Insects are an untapped resource. There are so many insects on earth, and by mass, there are more insects on earth than people. They’re really the ones running the planet here. It’s all about getting past what they look like, because, let’s be honest, they look like bugs. But once cooked, they taste as good as anything. Lots of people in many countries have been doing it for ages but this has come to the knowledge of the masses only in recent times, thanks to television and the web.
Insects may be an increasingly important source of protein because of the rising cost of animal protein, food insecurity, environmental pressures, climate change, and population growth. Edible insects often contain high-quality protein, vitamins, minerals, and amino acids for humans. Edible insects can also be more environmentally friendly than livestock. They emit fewer greenhouse gases and ammonia than conventional livestock and can be fed on organic waste streams.
Let’s see what the ‘human-eat-insects’ facts are:
1. Two billion people eat insects and you can too. Human insect-eating is common to many cultures. Over 1,000 species of insects are known to be eaten in 80% of the world’s nations. That helps to explain why 36 African countries are “entomophagous,” as are 23 in the Americas, 29 in Asia, and even 11 in Europe. Thailand is now the largest producer of edible insects.
2. A cockroach consists of about 65% protein, whereas beef is about 50% protein.
3. Insects are good candidates for farming because they don’t need a lot of space and produce protein quickly. Also it takes significantly more effort to farm agriculture than it would to farm crickets.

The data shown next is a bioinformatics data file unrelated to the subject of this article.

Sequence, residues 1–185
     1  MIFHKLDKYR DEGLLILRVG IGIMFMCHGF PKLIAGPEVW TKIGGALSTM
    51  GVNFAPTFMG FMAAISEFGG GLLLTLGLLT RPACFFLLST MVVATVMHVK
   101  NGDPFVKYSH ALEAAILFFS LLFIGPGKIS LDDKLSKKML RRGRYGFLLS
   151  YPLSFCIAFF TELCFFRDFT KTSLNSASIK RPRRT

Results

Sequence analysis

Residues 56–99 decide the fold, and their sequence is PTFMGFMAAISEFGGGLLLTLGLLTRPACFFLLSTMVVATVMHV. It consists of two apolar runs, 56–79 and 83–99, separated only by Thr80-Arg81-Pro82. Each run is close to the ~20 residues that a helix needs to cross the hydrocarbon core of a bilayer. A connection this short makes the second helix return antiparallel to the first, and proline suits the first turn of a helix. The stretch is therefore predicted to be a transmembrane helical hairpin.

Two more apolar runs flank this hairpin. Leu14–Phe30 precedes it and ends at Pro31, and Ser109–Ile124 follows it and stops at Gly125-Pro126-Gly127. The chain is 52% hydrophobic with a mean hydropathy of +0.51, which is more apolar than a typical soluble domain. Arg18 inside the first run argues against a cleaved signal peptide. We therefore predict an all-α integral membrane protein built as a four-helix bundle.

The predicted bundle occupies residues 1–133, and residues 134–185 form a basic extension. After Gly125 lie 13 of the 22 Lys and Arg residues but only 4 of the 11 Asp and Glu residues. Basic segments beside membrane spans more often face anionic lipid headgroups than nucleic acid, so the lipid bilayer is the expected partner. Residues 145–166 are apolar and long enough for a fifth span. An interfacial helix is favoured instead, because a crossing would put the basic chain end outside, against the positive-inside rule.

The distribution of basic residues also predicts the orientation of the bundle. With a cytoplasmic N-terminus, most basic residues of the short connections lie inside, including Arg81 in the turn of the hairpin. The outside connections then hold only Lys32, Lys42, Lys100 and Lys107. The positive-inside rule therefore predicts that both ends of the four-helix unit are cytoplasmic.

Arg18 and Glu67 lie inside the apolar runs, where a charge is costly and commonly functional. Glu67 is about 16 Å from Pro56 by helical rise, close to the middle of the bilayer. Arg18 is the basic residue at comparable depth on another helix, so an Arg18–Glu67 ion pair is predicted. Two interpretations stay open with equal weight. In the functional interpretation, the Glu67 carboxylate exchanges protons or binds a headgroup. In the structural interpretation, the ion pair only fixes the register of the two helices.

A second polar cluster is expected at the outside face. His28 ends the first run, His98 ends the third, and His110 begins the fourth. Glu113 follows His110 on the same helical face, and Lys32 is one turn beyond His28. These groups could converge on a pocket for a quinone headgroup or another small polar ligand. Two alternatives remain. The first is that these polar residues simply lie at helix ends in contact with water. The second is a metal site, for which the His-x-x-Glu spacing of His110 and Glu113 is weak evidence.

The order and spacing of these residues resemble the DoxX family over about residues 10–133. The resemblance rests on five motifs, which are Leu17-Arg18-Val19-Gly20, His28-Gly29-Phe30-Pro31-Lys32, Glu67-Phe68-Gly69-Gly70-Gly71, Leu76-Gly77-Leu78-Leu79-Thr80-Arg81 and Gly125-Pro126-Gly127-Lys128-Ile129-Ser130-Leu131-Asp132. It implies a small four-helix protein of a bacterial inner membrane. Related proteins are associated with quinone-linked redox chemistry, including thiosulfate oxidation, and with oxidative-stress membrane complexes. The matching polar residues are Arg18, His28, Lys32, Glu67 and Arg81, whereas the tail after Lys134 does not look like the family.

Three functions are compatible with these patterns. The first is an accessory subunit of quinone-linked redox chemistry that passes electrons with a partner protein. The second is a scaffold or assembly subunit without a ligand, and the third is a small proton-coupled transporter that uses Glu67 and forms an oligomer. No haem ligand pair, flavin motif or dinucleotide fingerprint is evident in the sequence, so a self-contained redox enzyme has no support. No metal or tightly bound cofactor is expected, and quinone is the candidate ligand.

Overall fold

5. In the Congo, families eat as much as 96 tons of caterpillars every year.
6. Britain’s first insect restaurant in Wales called Grub Kitchen serves a variety of insect-based dishes, with grasshopper, crickets and mealworms. United States has plenty of restaurants that have grub in their menu and now, it seems, more and more of them are catching on.
7. According to the FAO, insects have a high food conversion rate — crickets need 12 times less feed than cattle, four times less than sheep, and half as much feed as pigs and broiler chickens to produce the same amount of protein.
8. Stinkbugs have an apple flavor, and red agave worms are spicy. A bite of tree worm apparently brings pork rinds to mind.
9. A report released the U.N. Food and Agriculture Organization recommends us to consume more insects. Here, have a read.
10. The Bible mentions entomophagy, as do texts from Ancient Greece and Rome.
Here is a quick Infographic to remind you again:
Source: foodtank.com, news.nationalgeographic.com, ediblebugshop.com.au(infographic)